How to Stop Doomscrolling & Enjoy Social Media Again
Social media algorithms are designed to suck you in and keep you scrolling. But you can break the cycle and have a healthier relationship with your phone.
If 2020 has taught me anything, it’s that I have a bottomless appetite for doomscrolling and that Instagram can make me feel both better and worse in the same session. This isn’t an earth-shattering revelation, to be sure, but in the Before Times I had friends to hang out with and now I only have their Instagram Stories to watch.
I’ve had a love-hate relationship with social media for years. Facebook was a garbage fire of misinformation long before the pandemic; it's also the place where I got information from my neighbors and the local school PTA. Instagram, for all its problems with vaccine misinformation and other conspiracy theories, has been a surprising lifeline this year while I’ve been cut off from the people I love — or even merely like. Watching mundane 10-second videos of their kids, their baking, and their house projects has been a ballast of normalcy in a tumultuous time.
As we close in on a year of lockdowns and social distancing — and since I know I’m still going to be indulging in regular scrolling bursts while hiding from my children — I decided to see if I could make Instagram a better place to be. Luckily for us all, It turns out there are evidence-based strategies for using social media and digital devices in ways that are supportive of mental health and wellbeing. Now’s a great time to try them out. Much of this advice works for teens and tweens, as well as adults.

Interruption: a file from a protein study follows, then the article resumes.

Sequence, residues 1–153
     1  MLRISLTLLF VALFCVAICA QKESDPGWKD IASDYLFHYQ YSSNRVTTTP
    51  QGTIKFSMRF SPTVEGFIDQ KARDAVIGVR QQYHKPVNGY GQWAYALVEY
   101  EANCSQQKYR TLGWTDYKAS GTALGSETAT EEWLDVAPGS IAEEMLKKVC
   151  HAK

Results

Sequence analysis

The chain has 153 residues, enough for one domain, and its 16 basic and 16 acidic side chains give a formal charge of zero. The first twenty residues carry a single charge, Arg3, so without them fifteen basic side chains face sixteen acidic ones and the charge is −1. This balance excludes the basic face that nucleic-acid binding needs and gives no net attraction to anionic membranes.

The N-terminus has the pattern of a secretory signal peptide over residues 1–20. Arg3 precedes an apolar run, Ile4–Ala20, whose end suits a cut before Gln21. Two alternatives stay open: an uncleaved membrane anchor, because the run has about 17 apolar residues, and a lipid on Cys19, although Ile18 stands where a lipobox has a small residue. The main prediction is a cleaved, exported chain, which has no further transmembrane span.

Choose your follows carefully.
First and foremost, supportive social media use “looks like meaningful connections,” says Danielle Ramo, PhD, clinical psychologist and senior director of research at Hopelab, a social innovation lab that builds behavior change tech to support teen and young adult health and wellbeing.
Go beyond liking posts and reacting with emojis, she said, and cultivate connections with people you know or would like to know better. Social media can also facilitate asking for supportive feedback from a community when something doesn’t go how we hoped it would.
“So it's not so other-focused, or it's not so comparison-focused and it's not so wallowing-focused but it's more support-generative,” she says.
Supportive social media use “looks like meaningful connections.”
I’ve pushed myself to leave a full comment on a story or post instead of just an emoji reaction and I’ve noticed a payoff. It feels like a meaningful exchange, even though it’s still short.
Research in 2019 from The Female Lead, a UK non-profit, found that following inspirational, positive accounts on the platform significantly altered the experience for study participants. The study focused on young girls in particular, but the actions can apply more broadly: Follow positive role models, expand the breadth of content you follow, and keep comments kind.
It’s a recipe for popping a filter bubble and then making the algorithm create a virtuous circle of more interesting content — the opposite of doom-scrolling. The Female Lead has a list of suggested accounts to follow as a starting point.